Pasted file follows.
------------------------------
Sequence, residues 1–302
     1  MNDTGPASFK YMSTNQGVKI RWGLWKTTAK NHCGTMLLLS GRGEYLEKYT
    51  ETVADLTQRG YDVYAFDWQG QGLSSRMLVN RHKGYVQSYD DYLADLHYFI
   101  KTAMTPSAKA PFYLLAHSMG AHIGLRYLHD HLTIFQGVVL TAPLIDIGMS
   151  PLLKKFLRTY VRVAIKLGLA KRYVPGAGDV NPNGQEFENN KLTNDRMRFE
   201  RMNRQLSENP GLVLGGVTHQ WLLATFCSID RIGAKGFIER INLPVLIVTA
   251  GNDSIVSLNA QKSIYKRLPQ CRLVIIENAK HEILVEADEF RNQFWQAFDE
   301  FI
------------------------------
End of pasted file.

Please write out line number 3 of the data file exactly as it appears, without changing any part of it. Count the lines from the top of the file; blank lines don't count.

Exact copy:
    51  ETVADLTQRG YDVYAFDWQG QGLSSRMLVN RHKGYVQSYD DYLADLHYFI